Thrice Greatest Hermes
There is no official beginning of the practice of alchemy. While scholars dispute the geographic location of alchemy’s origin as well as the time period, Hermes Trismegistus or “Thrice Great Hermes” is popularly considered to be the legendary founder of alchemy.
In Ancient Egypt he was known as the god of wisdom, Thoth. The Greek god, Hermes was equated with Thoth. To the Romans he was known as Mercury or Mercurius, the messenger god. In alchemy, mercury represents a great many things, including the epitome of the ‘great riddle of life.’
The large body of writing ascribed to Hermes Trismegistus is known as the Corpus Hermeticum. These works had a profound impact on the European Renaissance as the advent of printing helped disseminate the Corpus Hermeticum throughout Europe.
Alchemists’ often refer to themselves as Hermeticists’ studying Hermetica or the Hermetic Arts.
“Here was an ancient body of theological, philosophical, scientific, and medical writings of extraordinary beauty, intellectual power, and spiritual authority, in which Jews, Christians, and Muslims could find confirmations, amplifications, and refinements of their own sacred teachings.” –– Francis Melville. The Book of Alchemy.
The Emerald Tablet
The Emerald Tablet or Tabula Smaragdina is the most famous work attributed to Hermes Trismegistus. The text was supposedly carved on green stone, possibly green granite or green jasper, and was later described as emerald.
There are several legends surrounding the discovery of the Emerald Tablet. One states that the tablet was found in the tomb of Hermes Trismegistus, clutched in his hand. Another states Alexander the Great first discovered it, and yet another says it was Apollonius of Tyana. Regardless, the original text does not survive and the earliest translations appeared in Europe in the twelfth and thirteenth centuries.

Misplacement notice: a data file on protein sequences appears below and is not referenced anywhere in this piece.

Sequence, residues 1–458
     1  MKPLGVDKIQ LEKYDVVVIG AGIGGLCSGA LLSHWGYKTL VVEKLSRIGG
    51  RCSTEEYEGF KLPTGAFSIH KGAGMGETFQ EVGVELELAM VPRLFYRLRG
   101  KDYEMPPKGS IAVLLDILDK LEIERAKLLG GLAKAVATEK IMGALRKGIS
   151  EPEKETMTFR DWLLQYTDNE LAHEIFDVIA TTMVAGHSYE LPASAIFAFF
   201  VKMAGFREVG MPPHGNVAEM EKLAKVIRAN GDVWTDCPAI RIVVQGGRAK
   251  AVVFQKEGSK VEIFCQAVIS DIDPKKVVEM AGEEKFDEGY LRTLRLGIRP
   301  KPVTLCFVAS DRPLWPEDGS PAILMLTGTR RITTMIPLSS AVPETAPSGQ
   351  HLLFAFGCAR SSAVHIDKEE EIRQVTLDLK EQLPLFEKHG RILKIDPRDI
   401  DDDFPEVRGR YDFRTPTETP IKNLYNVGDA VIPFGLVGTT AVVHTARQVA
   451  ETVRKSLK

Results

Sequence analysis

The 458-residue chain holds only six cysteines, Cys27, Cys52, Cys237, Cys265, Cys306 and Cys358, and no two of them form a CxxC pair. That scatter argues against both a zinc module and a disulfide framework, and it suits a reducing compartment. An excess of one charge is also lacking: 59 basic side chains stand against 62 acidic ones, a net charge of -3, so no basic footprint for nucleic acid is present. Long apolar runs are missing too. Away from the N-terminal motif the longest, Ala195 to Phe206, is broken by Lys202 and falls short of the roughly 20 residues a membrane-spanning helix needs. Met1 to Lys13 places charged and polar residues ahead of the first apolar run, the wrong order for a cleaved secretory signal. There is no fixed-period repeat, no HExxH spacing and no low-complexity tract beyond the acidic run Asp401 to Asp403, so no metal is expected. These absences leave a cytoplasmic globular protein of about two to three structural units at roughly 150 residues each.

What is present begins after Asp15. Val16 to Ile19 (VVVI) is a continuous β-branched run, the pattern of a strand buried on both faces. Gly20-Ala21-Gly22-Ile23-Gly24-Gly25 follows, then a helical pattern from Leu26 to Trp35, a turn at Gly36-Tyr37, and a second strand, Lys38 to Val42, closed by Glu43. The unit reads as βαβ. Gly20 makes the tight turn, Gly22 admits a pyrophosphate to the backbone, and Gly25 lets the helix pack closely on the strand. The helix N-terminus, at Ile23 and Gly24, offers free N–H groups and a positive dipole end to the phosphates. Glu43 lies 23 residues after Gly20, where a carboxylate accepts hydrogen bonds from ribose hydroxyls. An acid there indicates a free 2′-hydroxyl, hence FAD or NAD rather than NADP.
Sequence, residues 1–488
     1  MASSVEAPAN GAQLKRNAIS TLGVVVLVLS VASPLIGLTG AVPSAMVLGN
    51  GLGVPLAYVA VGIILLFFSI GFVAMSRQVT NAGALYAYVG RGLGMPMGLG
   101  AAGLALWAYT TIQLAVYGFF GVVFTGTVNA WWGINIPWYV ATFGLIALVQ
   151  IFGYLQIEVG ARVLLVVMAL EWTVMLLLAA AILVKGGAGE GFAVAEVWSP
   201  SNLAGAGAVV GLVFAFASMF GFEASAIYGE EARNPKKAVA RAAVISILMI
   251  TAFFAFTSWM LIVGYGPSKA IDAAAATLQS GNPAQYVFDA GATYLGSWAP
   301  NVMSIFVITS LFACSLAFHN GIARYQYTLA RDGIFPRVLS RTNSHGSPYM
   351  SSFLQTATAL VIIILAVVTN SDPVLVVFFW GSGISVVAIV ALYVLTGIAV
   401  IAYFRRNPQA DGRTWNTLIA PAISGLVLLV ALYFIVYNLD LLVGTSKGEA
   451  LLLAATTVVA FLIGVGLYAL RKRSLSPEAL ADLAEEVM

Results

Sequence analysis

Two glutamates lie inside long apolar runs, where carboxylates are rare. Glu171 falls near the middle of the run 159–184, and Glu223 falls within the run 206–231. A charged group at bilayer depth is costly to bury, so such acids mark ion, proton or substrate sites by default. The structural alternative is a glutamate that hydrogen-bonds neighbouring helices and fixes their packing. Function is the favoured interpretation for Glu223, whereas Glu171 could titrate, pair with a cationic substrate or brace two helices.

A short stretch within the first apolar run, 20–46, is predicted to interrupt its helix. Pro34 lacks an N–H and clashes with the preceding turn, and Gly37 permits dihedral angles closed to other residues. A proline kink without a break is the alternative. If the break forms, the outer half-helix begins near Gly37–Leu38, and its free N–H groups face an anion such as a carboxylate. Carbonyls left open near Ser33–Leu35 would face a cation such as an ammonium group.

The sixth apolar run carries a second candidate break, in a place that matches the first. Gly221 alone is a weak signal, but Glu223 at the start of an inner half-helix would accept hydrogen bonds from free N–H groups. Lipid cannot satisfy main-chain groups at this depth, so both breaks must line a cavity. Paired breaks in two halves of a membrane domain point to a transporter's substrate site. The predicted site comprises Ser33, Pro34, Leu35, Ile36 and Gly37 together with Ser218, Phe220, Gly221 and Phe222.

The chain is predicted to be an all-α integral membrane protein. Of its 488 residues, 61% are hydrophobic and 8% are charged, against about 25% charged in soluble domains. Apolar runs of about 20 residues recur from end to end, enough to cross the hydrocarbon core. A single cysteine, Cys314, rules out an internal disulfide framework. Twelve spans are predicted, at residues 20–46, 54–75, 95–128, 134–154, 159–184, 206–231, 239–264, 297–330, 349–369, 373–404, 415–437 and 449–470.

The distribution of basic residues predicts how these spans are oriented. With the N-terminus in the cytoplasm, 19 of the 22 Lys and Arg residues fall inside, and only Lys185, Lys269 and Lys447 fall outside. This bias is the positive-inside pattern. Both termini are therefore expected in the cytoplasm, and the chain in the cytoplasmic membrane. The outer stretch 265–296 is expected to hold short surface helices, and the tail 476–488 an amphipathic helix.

The Emerald Tablet contains Egyptian philosophy, magical secrets of the universe, and is considered to be the credo of Adepts. To the uninitiated the text is a nonsensical riddle; however, to alchemists it describes the process of transmutation.
Chymisches Lustgärtlein. Darmstadt: Wissenschaftliche Buchgesellschaft, 1964.
Daniel Stolcius (1600–1660) was a physician and Bohemian alchemist. This reproduction of the 1624 edition of Stolcius’s The Alchemical Pleasure–Garden shows a famous engraving of Hermes Trismegistus titled, “The Marriage of Sol and Luna.” Here Hermes holds the globe in his right hand and gestures to the sun and the moon with his left. The fire surrounding the sun and moon represents the union of two opposites that gives rise to the manifest universe. This image alludes to The Emerald Tablet which states, “Its father was the Sun, its mother the moon, the Earth its nurse, and the wind carries it in its belly.”
Iamblichvs De mysteriis Ægyptiorvm, Chaldæorum, Assyriorum: Proclvs in Platonicum Alcibiadem de anima, atque dæmone, Idem De sacrificio & magia: Porphyrivs De diuinis atq, dæmonib: Psellvs De dæmonibus: Mercvrii Trismegisti Pimander, Eiusdem Asclepius. Lvgdvni: Apud Ioan. Tornaesivm ..., 1577.
In 1460, Cosimo de Medici (1389–1464) received a manuscript containing fourteen of the seventeen treatises of the Corpus Hermeticum. Medici requested the Italian Humanist Philosopher Marsilio Ficino (1433–1499) to make translating the text from Greek into Latin a high priority. This was to supersede even the translation of Plato’s works, which Ficino is now most famous for. Here it is opened to first page of the second book called “Poemander.”